Tuesday 8th to Tuesday 15th March
We left volcanic Montserrat at 3am, a dark moonless night, managing to just avoid a small, unlit yacht as we raised the anchor. The sky was stunning, a mass of stars, and we could see both the Southern Cross and Polaris, the North Star, as well as Vega high in the night sky. As we motored silently past Montserrat in the still night, the south of the island was a dark presence without all the street and house lights indicating human habitation that were visible on the north, with a sulphurous smell from the lurking volcano. I stood at the bow of the boat with a flashlight for the first hour, watching out for fishing buoys, but only saw bright fish eyes, like illuminated marbles, as they dashed away from us at speed.
In the early hours before dawn it rained heavily but after the sun rose it was a beautiful morning and we were finally able to shake out the sails in 8 to 10 knots of wind.
As we arrived in Guadeloupe after the 40 nautical mile journey, the bay was full of yachts and catamarans at anchor and we dropped the mainsail in by now strong winds. We motored around for a while looking for a suitable spot to anchor, one sheltered from the worst of the wind and with a big enough gap between the other boats to allow us to swing without bumping into them, or visa versa. The anchor is dropped, the helmsman reverses gently to pull on the anchor to encourage it to imbed firmly into the sandy bottom, whilst the crew puts a hand on the anchor chain to ensure that it doesn’t feel like the anchor is bouncing over the bottom. After you’ve sat around for a while and had a nice cup of tea, and given it time to make sure that you’re not drifting, a final check is to snorkel down and check the anchor is well dug into the sand and is unlikely to drag. This always seems to be my job, but with even stronger winds forecast it made sense and in warm water is not unpleasant, although in 10 meters of cloudy water I had to keep diving down to be able to see the chain and anchor.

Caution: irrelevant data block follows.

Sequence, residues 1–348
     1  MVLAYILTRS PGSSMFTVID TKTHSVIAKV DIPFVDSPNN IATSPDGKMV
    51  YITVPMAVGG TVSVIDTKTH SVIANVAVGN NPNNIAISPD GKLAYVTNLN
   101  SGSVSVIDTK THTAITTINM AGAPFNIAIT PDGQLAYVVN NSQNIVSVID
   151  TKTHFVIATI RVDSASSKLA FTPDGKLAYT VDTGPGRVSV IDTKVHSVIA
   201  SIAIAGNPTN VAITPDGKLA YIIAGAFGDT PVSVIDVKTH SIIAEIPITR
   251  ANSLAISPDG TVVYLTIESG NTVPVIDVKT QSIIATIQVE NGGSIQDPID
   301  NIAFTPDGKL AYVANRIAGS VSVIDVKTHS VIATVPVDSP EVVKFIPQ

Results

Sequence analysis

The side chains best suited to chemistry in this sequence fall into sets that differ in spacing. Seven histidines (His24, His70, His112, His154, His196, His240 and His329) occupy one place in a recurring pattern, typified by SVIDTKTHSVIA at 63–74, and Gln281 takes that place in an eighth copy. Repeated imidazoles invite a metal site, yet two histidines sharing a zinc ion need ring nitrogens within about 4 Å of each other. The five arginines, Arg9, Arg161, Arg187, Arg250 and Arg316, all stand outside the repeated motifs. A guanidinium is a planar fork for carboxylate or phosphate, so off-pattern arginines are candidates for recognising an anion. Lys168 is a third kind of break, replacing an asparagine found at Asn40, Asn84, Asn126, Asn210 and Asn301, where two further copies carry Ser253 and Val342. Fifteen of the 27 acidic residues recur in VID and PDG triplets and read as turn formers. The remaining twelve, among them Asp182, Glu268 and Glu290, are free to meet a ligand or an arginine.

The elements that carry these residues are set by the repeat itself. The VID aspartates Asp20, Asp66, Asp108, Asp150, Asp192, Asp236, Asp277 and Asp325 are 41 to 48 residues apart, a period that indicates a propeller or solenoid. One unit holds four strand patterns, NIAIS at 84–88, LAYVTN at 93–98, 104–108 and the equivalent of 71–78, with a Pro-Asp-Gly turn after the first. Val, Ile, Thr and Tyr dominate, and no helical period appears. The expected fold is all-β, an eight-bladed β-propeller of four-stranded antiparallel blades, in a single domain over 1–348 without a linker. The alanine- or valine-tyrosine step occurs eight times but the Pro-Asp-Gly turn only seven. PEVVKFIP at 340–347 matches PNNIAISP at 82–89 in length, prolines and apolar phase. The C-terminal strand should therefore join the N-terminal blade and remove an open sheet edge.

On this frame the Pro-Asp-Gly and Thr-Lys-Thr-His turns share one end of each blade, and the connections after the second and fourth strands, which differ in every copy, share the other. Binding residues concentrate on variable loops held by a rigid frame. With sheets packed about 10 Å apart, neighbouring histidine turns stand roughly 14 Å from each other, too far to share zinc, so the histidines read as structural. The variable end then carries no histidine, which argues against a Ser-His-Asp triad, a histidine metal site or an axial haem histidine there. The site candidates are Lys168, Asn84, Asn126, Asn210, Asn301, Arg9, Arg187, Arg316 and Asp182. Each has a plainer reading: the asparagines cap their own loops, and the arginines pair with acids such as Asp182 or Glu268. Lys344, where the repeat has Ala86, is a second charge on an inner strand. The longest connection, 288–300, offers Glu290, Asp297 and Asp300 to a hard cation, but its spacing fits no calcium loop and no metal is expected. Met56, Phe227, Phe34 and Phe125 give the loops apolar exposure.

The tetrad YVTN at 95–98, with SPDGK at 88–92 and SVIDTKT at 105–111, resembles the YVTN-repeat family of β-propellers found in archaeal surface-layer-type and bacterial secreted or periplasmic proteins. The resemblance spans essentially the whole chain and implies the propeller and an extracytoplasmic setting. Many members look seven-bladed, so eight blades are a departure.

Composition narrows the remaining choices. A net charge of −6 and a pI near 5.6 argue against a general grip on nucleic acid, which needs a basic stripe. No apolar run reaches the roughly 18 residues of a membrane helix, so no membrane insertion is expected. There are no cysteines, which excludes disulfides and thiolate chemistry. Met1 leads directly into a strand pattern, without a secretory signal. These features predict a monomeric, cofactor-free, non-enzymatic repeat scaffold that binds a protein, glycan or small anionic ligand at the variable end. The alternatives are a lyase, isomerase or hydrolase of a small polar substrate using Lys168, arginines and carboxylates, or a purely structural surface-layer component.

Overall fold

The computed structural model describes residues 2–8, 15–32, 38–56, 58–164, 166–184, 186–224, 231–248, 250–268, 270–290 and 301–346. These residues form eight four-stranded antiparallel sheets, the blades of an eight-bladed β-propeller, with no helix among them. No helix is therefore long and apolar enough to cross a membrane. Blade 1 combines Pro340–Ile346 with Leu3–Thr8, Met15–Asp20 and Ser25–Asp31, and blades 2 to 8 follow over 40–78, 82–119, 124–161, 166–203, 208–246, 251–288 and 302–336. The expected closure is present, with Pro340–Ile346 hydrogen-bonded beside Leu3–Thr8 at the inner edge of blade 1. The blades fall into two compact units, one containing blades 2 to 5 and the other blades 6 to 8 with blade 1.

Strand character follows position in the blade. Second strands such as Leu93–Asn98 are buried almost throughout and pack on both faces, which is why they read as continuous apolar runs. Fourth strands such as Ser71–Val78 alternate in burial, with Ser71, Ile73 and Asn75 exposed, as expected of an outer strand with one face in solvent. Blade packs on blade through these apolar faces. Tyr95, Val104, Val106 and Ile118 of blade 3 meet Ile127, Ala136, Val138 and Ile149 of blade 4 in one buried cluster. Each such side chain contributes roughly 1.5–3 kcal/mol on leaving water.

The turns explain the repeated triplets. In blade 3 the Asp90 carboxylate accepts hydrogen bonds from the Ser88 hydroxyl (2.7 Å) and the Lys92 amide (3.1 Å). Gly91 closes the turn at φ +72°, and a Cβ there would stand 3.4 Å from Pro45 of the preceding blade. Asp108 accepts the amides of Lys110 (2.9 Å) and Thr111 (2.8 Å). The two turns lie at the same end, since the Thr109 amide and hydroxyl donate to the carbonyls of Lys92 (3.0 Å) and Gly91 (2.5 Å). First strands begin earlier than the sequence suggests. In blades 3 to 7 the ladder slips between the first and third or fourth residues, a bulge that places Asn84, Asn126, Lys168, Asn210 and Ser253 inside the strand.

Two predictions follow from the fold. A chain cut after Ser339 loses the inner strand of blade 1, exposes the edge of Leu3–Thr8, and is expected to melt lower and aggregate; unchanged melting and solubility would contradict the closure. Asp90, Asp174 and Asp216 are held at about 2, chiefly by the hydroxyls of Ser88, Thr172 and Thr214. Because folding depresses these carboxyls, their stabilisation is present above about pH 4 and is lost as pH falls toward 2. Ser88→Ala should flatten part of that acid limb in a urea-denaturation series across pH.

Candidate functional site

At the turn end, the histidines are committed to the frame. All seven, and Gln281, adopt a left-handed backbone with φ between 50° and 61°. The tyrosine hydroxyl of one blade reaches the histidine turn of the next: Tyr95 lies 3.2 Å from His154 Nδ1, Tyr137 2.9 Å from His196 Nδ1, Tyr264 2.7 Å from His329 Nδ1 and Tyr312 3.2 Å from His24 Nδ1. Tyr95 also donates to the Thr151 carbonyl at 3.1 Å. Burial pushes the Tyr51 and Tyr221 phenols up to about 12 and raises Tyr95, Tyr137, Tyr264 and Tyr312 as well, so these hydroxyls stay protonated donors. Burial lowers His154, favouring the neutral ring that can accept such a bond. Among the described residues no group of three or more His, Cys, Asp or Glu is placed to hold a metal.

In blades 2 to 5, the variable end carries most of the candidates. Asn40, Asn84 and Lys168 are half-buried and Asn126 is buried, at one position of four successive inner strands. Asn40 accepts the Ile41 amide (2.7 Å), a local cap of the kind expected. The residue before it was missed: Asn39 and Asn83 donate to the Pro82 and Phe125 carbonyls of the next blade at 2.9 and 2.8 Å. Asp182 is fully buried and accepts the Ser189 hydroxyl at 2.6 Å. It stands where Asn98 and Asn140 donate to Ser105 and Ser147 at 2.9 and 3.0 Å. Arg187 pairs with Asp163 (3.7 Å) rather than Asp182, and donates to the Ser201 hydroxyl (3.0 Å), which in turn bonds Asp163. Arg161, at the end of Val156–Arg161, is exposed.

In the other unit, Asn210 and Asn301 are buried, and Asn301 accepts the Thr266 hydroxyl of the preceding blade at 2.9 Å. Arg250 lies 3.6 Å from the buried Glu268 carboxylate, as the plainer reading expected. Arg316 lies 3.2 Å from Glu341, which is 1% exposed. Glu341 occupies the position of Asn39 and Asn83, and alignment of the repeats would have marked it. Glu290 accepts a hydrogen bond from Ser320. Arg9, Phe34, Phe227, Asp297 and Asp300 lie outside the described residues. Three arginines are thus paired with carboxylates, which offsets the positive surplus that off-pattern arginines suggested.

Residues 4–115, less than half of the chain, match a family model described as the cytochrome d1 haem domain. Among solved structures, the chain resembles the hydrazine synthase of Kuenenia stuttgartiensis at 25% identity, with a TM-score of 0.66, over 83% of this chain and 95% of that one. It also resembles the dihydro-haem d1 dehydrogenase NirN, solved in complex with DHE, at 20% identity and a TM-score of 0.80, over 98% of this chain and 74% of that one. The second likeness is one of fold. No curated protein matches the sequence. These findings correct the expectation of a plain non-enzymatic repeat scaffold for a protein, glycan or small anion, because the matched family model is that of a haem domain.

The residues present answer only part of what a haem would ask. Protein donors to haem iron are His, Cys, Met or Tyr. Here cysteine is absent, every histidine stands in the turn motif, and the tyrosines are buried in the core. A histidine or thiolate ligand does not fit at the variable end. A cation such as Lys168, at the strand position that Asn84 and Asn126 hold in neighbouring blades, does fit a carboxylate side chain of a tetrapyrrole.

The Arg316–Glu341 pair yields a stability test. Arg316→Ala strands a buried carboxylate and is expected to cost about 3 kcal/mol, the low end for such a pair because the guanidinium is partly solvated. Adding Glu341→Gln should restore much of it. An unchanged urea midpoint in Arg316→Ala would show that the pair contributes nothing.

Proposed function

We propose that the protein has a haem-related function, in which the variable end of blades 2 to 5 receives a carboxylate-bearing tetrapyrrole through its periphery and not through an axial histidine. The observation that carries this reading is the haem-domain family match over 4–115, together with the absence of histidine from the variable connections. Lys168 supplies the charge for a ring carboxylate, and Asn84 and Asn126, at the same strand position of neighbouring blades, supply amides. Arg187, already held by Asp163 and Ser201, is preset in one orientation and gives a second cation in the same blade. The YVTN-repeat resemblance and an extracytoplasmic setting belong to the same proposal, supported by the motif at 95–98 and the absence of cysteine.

Our arrival point in Guadeloupe was the village of Deshaies and is where the BBC TV series Death in Paradise is filmed although we hadn’t realised this until we got there. We have been addicted to this series so looked forward to spotting familiar places, if not faces.